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Ressence Type 3 watch features a fluid-filled display


April 9, 2013

The Ressence Type 3 watch's fluid-filled display gives its mechanical indications a two-dimensional, projected appearance

The Ressence Type 3 watch's fluid-filled display gives its mechanical indications a two-dimensional, projected appearance

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On a regular analog watch, there’s a small pocket of air between the face of the watch and the inside surface of the crystal. On his new Ressence Type 3 watch, however, Belgian designer Benoit Mintiens has filled that space with a clear refractive fluid. As a result, its revolving indications appear to be projected right onto its domed crystal. You could almost think of it as the Magic 8 Ball of high-end timepieces.

The main components of the 57-jewel watch are made almost entirely of titanium, with the exceptions of its sapphire crystal and 28 gears. The fluid is a type of naphtha, which is composed of a flammable mixture of hydrocarbons – so you wouldn’t want to break it. A thermal valve compensates for the expansion and contraction of that fluid, as caused by fluctuations in the ambient temperature.

The refractive index of the fluid and the crystal is such that the indications appear as a two-dimensional display that follows the inside curve of the sapphire.

Those indications consist of separate mechanical dials that indicate hours, minutes, seconds, AM/PM and date. The luminous “hands” are engraved into rotating discs that line up with numbers on rings surrounding them – the watch doesn’t have any actual mechanical hands in the traditional sense.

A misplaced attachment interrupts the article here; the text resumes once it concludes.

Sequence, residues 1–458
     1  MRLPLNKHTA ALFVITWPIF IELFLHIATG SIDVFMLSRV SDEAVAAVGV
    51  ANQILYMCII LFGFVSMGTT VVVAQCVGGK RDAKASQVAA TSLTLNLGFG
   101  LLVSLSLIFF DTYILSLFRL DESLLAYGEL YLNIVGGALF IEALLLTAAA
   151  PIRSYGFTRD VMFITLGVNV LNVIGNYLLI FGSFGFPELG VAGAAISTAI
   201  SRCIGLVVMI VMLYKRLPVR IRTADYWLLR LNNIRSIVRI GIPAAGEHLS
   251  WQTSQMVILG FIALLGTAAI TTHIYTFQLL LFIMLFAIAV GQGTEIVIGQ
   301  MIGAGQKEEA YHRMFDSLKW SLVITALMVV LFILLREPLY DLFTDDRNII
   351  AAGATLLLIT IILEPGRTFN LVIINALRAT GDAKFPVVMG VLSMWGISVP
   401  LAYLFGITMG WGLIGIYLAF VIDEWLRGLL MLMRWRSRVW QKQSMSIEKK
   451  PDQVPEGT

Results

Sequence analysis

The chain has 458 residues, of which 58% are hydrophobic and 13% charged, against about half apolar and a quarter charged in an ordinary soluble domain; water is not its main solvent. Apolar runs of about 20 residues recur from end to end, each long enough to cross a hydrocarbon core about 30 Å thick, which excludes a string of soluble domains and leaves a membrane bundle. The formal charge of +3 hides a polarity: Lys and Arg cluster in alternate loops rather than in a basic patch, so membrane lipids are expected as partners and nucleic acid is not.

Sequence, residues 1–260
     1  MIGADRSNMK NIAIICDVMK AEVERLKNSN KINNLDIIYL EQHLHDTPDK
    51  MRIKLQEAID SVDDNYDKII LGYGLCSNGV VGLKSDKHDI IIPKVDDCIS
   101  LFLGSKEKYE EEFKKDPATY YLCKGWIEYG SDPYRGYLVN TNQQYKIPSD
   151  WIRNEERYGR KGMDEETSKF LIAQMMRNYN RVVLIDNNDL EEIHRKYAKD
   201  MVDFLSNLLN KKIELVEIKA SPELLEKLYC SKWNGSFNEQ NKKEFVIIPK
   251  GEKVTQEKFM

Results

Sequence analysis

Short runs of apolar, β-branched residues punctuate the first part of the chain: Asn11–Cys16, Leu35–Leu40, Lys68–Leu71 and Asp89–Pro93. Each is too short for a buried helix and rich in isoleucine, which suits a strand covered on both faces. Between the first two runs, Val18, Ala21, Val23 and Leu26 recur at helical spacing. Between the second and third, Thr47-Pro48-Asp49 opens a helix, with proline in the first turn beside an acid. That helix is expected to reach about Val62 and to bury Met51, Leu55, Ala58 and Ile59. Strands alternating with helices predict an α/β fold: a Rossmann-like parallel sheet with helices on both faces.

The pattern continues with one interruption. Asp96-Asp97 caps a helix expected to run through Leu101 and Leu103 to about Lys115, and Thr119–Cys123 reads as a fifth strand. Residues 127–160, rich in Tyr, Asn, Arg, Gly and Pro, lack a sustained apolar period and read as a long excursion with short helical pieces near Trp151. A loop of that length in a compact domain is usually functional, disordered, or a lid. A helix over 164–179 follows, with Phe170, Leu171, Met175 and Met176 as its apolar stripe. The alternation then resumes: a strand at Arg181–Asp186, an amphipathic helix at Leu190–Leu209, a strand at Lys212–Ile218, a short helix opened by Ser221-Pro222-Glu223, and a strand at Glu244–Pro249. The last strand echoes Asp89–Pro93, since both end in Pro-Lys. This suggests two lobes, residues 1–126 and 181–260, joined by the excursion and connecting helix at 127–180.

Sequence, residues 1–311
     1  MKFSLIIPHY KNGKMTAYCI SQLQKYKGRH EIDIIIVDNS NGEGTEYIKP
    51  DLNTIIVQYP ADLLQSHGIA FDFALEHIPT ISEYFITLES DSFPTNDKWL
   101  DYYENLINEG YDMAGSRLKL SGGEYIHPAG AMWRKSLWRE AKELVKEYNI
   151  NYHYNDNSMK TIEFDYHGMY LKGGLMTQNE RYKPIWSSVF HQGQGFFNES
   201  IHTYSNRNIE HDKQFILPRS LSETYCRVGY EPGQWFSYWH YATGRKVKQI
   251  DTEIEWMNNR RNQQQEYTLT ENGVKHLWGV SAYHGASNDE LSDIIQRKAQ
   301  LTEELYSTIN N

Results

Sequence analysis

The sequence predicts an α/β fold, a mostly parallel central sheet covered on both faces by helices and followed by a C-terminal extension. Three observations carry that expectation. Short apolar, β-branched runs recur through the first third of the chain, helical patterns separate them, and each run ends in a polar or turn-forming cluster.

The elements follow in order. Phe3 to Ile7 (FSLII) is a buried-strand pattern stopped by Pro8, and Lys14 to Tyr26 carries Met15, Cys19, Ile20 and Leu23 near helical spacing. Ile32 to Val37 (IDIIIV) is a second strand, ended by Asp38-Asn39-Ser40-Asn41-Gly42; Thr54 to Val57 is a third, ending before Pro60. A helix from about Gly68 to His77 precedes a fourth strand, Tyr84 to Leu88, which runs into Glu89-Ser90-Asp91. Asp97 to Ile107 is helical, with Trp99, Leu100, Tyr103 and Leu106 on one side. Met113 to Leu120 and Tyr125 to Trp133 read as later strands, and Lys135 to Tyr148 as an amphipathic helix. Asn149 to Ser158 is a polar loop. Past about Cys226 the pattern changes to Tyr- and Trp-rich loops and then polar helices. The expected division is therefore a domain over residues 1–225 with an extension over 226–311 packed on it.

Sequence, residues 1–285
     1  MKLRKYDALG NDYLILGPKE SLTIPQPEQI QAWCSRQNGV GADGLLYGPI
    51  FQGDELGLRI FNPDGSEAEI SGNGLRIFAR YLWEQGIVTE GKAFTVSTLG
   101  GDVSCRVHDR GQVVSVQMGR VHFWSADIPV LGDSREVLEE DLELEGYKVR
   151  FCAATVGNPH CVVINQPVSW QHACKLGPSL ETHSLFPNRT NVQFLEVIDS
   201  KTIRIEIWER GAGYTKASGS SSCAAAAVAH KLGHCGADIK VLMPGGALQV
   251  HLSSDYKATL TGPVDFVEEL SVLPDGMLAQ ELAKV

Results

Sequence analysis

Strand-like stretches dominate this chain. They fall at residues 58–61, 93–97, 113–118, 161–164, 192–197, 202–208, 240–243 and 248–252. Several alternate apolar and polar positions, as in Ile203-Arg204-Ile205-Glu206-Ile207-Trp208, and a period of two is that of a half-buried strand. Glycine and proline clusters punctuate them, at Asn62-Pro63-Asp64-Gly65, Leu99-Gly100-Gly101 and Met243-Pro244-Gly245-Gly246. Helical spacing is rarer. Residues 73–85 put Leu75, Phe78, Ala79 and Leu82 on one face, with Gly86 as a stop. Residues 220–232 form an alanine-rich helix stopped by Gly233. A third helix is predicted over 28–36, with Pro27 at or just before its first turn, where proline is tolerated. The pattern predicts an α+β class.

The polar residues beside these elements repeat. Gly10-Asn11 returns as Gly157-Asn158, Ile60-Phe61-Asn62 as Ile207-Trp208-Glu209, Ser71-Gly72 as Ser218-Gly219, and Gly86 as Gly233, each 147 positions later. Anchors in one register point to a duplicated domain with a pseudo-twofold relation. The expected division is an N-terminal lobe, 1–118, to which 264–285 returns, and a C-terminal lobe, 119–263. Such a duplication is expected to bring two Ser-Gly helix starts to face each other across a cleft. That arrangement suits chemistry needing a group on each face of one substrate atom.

For added fun and complexity, not only do the individual indicator discs rotate, but so does the entire gathered display of them. Exactly how the rotating discs are able to accurately keep time while being part of a rotating display themselves is something of a mystery, although Ressence explains it simply by stating, “Information [is] transmitted from movement to indications by micro-magnetic fields.”

Along with lacking regular hands, the Type 3 also has no crown. Instead, users wind it and set the time by twisting one of the nested rings (pictured above) built into the back of the watch.

All this innovation does come at a price, however. Should you be wanting one, expect to part with €23,000 (US$30,000).

Source: Ressence via Cool Hunting

About the Author
Ben Coxworth An experienced freelance writer, videographer and television producer, Ben's interest in all forms of innovation is particularly fanatical when it comes to human-powered transportation, film-making gear, environmentally-friendly technologies and anything that's designed to go underwater. He lives in Edmonton, Alberta, where he spends a lot of time going over the handlebars of his mountain bike, hanging out in off-leash parks, and wishing the Pacific Ocean wasn't so far away. All articles by Ben Coxworth

I think this is cool idea, i like how it looks, i might get one-woah, 30,000$?!?

Might be worth that much but not to me, i think id rather buy a rolex for that much as i bet it would hold its value better.


Brilliant until something goes out of kilter when you overheat it by leaving it in the sunshine or whatever! You can buy a boot full of $500 dollar watches all in different colours, for that money.

The Skud

$30,000?!?!?!!!! WTF?! for that I'd buy a new truck, with a built it clock...! and GPS..., and radio/CD/DVD player..., with Bluetooth..., and heated seats...., and air conditioning...., and cup holders...!!!


Think I'll get a tokyoflash model with a rhenium band. It'll cost a lot less total.

Dave B13

I love this timepiece and what people don't seem to understand is the complexity in developing this,also it won't be made in large quantities and so it must be expensive that's what makes luxury special. I am a little surprised however in the cheap looking strap.come on guys you can do better ...this is no 1950 timex

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